24 Injured as Typhoon Jongdari Crosses Western Japan

Another weather disturbance in the form of Typhoon Jongdari has hit Japan Sunday morning leaving at least 24 injured due to strong winds and then causing high temperatures reaching up to 40 degrees Celsius within the Hokuriku region right along the Sea of Japan.

In spite of this, no damages or injuries have been immediately reported in disaster-ravaged areas of Western Japan due to Jongdari, as local authorities had advised community residents to evacuate as early as possible as a precautionary measure.

Typhoon Jongdari Courses through West Japan, Leaves 24 Injured

Typhoon Jongdari made landfall in Ise, within the Mie Prefecture last Sunday morning (July 29). With its heavy rainfall, came a hot phenomenon of intense heat close to 40 degrees Celsius in Hokuriku, known as Foehn wind, or humid air that becomes warm and dry after passing through high mountains.

According to a report by Kyodo News, typhoon Jongdari has left at least 24 people injured over the weekend, some after by being hit by falling objects. Meanwhile, there have been no reports of deaths or missing persons as of Sunday evening.

The typhoon, which had taken an unusual westward route, traversed through most of the disaster-hit areas of West Japan. Earlier, the government had released a rare advisory prompting the locals to evacuate in advance as a precautionary measure.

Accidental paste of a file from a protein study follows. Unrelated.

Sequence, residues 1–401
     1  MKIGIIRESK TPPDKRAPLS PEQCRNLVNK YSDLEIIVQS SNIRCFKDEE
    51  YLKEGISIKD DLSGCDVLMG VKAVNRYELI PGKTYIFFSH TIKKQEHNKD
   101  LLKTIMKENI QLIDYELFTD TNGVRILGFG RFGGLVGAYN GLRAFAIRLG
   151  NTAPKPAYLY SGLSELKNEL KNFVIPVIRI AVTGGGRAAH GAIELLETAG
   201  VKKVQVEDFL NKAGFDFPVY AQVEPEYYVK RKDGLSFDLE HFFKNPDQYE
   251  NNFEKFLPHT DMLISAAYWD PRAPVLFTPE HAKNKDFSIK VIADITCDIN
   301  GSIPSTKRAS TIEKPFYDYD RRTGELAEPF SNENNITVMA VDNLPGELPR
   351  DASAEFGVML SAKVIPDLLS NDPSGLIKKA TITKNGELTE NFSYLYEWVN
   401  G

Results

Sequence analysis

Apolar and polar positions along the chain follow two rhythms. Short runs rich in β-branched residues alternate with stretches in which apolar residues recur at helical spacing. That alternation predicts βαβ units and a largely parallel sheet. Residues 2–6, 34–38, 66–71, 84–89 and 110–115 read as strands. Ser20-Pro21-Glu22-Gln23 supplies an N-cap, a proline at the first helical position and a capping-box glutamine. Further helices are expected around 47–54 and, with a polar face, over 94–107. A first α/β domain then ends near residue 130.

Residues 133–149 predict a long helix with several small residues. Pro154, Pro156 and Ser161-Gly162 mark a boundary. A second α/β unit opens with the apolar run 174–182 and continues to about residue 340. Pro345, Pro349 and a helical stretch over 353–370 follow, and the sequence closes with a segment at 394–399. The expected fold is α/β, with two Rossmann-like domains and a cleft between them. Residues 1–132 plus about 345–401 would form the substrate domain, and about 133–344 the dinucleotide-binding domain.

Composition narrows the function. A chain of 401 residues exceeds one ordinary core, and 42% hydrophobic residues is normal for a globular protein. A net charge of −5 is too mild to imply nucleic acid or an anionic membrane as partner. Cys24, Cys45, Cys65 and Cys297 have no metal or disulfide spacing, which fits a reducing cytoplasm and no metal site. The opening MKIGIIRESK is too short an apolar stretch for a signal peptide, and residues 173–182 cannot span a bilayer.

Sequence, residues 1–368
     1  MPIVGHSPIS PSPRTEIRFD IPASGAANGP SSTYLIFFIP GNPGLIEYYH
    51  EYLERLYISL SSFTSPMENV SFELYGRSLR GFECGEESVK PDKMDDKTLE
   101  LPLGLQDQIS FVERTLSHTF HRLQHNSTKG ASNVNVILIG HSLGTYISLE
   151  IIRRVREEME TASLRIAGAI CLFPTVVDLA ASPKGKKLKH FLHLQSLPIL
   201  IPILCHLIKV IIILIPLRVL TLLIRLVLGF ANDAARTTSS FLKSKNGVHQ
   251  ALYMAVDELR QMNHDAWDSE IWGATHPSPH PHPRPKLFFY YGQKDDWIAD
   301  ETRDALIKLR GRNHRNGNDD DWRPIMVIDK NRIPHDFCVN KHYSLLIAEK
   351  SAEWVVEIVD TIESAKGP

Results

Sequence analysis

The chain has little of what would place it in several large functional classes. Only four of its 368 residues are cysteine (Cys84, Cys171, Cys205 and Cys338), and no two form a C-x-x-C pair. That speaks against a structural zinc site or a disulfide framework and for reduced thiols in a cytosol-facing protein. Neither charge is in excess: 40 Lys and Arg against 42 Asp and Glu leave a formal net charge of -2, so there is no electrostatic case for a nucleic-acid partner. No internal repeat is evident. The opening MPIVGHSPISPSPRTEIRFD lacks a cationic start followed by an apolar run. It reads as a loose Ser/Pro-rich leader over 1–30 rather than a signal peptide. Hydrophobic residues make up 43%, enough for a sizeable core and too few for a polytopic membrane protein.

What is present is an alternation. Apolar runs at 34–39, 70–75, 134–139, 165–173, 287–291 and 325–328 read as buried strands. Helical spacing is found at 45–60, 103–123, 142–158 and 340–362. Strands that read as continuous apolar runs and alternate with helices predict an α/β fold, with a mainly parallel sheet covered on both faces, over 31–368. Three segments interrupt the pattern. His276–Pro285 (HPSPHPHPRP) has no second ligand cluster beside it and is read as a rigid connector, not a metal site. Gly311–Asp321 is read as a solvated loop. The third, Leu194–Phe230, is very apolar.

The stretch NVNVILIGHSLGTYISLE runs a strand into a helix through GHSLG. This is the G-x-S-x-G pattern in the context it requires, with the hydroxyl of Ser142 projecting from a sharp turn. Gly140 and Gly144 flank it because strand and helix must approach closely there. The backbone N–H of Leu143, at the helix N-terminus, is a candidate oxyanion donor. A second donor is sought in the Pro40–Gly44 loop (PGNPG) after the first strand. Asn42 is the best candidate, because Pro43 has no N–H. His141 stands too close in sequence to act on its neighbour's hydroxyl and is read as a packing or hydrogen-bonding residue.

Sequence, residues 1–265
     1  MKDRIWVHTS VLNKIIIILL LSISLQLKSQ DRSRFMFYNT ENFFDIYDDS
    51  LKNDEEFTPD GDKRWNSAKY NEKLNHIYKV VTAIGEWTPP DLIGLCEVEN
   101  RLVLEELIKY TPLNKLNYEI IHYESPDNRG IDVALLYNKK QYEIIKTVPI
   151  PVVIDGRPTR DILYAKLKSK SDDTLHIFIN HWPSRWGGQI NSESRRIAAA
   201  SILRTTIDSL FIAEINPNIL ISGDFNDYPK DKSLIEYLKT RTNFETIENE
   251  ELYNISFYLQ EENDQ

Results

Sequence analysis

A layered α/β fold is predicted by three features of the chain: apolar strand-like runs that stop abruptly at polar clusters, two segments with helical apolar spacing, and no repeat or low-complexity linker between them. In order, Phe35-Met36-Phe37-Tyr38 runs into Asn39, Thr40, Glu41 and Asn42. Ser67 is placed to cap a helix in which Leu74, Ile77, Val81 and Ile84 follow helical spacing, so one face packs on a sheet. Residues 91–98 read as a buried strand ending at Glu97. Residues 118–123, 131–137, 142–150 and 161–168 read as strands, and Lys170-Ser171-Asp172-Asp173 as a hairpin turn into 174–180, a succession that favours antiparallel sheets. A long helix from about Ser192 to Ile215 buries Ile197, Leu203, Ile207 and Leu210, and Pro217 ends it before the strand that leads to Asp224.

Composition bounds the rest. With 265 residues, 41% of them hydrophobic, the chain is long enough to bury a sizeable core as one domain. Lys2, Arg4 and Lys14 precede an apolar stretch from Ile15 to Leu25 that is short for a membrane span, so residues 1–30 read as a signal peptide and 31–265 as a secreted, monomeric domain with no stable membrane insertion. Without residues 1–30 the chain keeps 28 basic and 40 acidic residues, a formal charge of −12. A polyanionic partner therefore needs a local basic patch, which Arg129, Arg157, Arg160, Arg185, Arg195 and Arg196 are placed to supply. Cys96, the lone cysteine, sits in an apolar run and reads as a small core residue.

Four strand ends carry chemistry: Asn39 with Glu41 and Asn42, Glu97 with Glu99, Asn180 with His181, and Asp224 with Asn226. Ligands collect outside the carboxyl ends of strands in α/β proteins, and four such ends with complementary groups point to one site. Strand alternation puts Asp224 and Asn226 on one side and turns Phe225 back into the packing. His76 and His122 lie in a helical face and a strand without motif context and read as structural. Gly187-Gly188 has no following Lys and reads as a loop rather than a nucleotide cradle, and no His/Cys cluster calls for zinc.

The disaster-struck areas remained to be on high alert warning as the Meteorological Agency warned of possible flooding and landslides, as well as high waves.

Typhoon Jongdari has decreased to 25 kph as it made landfall in Japan and as it continued to move west towards Kyushu, and then entering the vicinity of Saga prefecture Sunday night.

Rain is expected to persist in some areas of the country even after the typhoon passes. Also, temperatures are expected to rise once again, bringing back the threat of heat exhaustion and heat stroke which has already led to a wide number of hospitalizations and a number of deaths, particularly among the elderly population across the country.

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